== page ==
Compiling a resolved body of photographic work for an examinable portfolio is an emotive process.
In terms of choosing the images, it is easy to let technology interfere in the process. Culling a certain number of images from a series can become a monotonous task, and the internet makes it too easy to make a few clicks and start to research some aspect of the next project. Printing out small copies of each image gives me something tangible to work with. They can be shuffled like a pack of cards to see what works. They can be pinned to a wall, the order changed around, and most importantly, I can step back to view the images from a distance and gain a feeling of which images work together well, and which don’t.
Intuition plays a part in image choice Some images “resonate” more than others when the shutter is operated. “Sam” is an image which immediately resonated with me: it’s a strong image which benefits from a simple composition, a relatively limited colour palette makes effective use of orange and related hues and provides cohesion throughout the image.
Morris, 2017. Sam
It is important to find a theme which runs through the series of images and which can provide a narrative – the storytelling ability of the images as a whole is important. It isn’t enough for the images just to be “strong”. Ten images which demonstrate my style and collectively tell a story are better than 20 images which portray a disparate variety of different subjects.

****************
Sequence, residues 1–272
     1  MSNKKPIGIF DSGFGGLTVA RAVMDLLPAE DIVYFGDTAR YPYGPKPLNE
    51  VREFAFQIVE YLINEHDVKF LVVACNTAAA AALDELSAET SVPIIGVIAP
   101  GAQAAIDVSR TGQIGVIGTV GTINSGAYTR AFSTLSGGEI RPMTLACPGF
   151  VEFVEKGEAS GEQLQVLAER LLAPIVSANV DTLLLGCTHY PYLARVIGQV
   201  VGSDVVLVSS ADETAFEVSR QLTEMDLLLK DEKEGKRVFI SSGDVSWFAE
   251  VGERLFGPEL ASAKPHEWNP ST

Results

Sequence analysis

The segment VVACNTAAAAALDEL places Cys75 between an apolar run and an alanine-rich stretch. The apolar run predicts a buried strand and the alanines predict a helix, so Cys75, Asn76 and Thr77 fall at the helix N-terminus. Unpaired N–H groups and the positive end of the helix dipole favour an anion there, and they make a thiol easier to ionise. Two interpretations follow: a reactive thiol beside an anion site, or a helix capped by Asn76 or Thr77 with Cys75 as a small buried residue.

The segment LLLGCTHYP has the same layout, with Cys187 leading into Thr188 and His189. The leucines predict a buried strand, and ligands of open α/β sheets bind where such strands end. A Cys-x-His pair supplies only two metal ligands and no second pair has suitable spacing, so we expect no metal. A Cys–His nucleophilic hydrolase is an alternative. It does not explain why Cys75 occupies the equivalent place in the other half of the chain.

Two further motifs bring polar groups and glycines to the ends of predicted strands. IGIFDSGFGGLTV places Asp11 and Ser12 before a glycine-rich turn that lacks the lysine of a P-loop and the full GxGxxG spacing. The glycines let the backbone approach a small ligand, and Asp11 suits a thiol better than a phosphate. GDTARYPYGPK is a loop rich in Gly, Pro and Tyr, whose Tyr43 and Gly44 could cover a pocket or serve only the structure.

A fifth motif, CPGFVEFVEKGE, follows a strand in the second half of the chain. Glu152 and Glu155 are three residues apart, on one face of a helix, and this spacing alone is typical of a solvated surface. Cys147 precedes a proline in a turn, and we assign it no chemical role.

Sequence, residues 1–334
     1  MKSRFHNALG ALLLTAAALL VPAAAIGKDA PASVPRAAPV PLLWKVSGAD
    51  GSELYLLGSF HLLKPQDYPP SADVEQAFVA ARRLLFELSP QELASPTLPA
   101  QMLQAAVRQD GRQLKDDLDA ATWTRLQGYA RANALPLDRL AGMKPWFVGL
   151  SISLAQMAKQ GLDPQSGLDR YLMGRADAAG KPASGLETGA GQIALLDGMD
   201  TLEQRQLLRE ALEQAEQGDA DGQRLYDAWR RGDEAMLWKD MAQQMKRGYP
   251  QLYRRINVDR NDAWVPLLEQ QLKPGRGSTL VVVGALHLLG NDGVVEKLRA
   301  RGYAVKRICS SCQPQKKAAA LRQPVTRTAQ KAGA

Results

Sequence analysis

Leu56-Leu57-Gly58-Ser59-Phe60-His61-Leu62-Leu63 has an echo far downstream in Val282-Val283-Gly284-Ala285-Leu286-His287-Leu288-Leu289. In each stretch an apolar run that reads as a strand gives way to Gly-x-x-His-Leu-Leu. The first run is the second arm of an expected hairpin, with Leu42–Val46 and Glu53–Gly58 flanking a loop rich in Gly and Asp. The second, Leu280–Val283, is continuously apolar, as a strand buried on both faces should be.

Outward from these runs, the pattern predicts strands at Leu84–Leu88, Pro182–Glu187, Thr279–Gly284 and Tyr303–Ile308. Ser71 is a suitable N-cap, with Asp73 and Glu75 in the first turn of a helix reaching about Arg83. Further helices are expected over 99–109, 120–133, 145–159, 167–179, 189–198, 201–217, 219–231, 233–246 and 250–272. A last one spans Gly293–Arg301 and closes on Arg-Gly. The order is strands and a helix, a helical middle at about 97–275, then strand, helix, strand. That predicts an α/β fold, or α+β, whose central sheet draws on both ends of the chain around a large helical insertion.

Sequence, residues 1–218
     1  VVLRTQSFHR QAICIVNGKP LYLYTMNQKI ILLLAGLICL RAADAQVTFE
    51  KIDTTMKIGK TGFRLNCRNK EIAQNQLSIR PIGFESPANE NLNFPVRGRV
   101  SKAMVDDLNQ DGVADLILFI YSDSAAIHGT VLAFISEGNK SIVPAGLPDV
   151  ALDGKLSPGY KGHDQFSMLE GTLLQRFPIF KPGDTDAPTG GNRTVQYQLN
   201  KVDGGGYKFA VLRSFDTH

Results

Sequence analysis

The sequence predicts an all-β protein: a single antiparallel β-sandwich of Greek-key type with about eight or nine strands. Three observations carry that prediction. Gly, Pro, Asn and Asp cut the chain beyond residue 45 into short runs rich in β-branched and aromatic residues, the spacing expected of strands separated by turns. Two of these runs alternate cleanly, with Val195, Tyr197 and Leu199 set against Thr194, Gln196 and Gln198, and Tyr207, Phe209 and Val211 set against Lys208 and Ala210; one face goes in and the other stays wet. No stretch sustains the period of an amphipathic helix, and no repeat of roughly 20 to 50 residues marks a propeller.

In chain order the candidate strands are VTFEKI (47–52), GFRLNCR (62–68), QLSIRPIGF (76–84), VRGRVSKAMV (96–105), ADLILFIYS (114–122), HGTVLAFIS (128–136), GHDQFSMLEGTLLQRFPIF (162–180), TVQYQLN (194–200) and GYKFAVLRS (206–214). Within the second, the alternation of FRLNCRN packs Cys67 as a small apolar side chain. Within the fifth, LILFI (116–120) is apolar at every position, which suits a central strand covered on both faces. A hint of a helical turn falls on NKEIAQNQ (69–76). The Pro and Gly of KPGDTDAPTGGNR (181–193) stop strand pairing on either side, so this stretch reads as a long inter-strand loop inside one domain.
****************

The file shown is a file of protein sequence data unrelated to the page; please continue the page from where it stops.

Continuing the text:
Images for my Work in Progress Portfolio submission have two themes, both of which explore our relationship with food.
“Eyeholes, earholes and …” is taken from the series ““Junk” Food” which focuses on some of the social issues associated with our food and the way we consume it.
Morris, 2017. Eyeholes, earholes and …
“Chloe” is an image which has a visual anthropological dimension, recording the meals consumed by “Ten” schoolchildren on the evening of 7th March 2017.
Morris, 2017. Chloe
Having initially decided on twenty images, I found it invaluable to have the assembled work reviewed by as many people as possible. This helps to offset any personal likes or preferences, it prevents any “conflict of interest which might arise from a strong attachment to any one specific image.
Each reviewer provided a different perspective, and in several cases the opinions conflicted. This is an inevitable part of this method. It is also absolutely necessary – if every opinion provided agreed, what would be the point?
What I was looking for was similarities in the opinions, some sort of common thread running through all the comments.
Ultimately, the final decision regarding what is and is not included is mine, but having obtained and listened to the opinions of several reviewers, at least the final decision is informed.
Moving forward, areas to investigate include the context in which images are viewed and the interaction between the two, the curation of images, and viewer management.